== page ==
Pulitzer Finalist and Author Andrew Solomon Presents Leadership Summit XII
For the twelfth consecutive year, volunteer and professional leaders from across the nonprofit sector gathered at the sold-out Not-For-Profit Leadership Summit XII at the Doubletree Hotel in Tarrytown Monday, May 5. Presented by the United Way of Westchester and Putnam in partnership with the Westchester Community Foundation, this year's event welcomed the sold-out crowd of more than 700 who participated in breakout sessions led by nonprofit experts covering a wide range of platforms from branding to organizational restructuring. Keynote speakers, NYS InterAgency Coordinator for Not-for-Profit Services Fran Barrett and worldwide bestselling author and social activist Andrew Solomon, were among the highlights of the summit.
Solomon captivated the audience with emotional vignettes of his experiences interviewing families for his most recent work, Far From the Tree: Parents, Children and the Search for Identity. In this book, Solomon explores how families coping with children who have disabilities, including deafness, dwarfism, Down syndrome, autism, schizophrenia, and children who are gay or transgender - many of which are circumstances that local nonprofit organizations provide support for. "We live in a time of extraordinary social and scientific process," Solomon said. "It is important that we continue to strengthen our efforts on the fronts of self-acceptance, family acceptance, and acceptance in the larger society."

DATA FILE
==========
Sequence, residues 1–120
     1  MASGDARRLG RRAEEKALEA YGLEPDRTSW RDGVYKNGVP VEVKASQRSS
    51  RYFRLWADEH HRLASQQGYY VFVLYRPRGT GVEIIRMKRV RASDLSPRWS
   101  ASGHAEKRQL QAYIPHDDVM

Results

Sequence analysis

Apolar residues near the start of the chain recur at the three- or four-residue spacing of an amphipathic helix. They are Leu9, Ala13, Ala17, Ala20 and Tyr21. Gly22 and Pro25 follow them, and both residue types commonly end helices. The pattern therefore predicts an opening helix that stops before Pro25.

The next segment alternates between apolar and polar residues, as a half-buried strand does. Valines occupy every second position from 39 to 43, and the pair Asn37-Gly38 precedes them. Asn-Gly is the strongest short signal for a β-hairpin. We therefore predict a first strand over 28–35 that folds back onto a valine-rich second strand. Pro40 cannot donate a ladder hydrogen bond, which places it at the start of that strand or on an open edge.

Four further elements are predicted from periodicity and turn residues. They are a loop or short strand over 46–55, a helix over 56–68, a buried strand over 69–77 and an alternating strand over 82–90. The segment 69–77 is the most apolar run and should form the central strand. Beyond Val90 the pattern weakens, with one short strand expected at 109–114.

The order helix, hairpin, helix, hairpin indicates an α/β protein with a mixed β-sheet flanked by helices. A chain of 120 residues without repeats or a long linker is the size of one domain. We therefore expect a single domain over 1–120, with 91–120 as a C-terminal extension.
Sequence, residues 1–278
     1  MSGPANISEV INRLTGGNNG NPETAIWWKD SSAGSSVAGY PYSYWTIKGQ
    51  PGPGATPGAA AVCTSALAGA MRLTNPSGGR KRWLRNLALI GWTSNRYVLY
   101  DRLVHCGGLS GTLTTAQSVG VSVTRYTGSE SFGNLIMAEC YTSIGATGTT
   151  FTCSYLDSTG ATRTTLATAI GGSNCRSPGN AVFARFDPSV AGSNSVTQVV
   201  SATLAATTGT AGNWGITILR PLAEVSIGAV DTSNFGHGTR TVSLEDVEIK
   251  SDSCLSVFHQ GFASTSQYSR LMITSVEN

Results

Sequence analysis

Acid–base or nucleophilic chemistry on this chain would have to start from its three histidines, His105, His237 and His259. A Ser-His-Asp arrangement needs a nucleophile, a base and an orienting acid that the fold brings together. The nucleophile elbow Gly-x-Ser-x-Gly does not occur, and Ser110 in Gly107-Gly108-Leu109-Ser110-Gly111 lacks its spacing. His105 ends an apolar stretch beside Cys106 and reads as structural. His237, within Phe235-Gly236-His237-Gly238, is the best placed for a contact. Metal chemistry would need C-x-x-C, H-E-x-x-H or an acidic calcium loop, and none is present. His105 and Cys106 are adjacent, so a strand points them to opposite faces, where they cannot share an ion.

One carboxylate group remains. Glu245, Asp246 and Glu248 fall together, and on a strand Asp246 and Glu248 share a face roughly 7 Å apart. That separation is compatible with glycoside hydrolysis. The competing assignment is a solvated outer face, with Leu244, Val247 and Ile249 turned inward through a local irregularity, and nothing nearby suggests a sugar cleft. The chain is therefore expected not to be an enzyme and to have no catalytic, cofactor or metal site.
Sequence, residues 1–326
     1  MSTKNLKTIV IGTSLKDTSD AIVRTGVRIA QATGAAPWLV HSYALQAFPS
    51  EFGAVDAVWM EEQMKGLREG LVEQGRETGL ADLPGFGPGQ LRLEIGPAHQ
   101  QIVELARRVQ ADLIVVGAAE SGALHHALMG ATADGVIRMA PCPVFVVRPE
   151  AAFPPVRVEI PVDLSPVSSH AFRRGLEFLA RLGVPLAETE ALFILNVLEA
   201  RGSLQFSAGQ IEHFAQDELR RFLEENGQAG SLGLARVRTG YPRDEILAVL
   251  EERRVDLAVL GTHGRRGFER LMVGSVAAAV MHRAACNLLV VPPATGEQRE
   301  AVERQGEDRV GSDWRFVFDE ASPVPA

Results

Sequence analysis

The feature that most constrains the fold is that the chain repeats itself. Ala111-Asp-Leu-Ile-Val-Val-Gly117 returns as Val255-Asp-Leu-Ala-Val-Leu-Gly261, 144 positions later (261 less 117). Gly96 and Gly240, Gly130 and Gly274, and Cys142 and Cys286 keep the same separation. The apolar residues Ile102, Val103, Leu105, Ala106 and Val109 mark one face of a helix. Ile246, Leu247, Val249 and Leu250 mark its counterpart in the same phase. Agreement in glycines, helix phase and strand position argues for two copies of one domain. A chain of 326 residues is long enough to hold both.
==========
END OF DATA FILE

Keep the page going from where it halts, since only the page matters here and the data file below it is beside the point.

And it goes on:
Deputy Westchester County Executive Kevin Plunkett and Congresswoman Nita Lowey thanked the organizations in attendance for their tireless efforts in helping the local community. Further, Joanna Straub, executive director of Nonprofit Westchester, presented findings from a joint study between the Johns Hopkins Center for Civil Society Studies and Nonprofit Westchester on the state of Westchester's nonprofit organizations. In 2013, employment in the nonprofit sector accounted for 13.6 percent of the county's total workforce, with more than 53,000 paid workers - making Westchester's nonprofit sector the largest industry in the county, Straub said. "With numbers there is power," Straub said. "We all have one goal, which is to create a more just and caring community."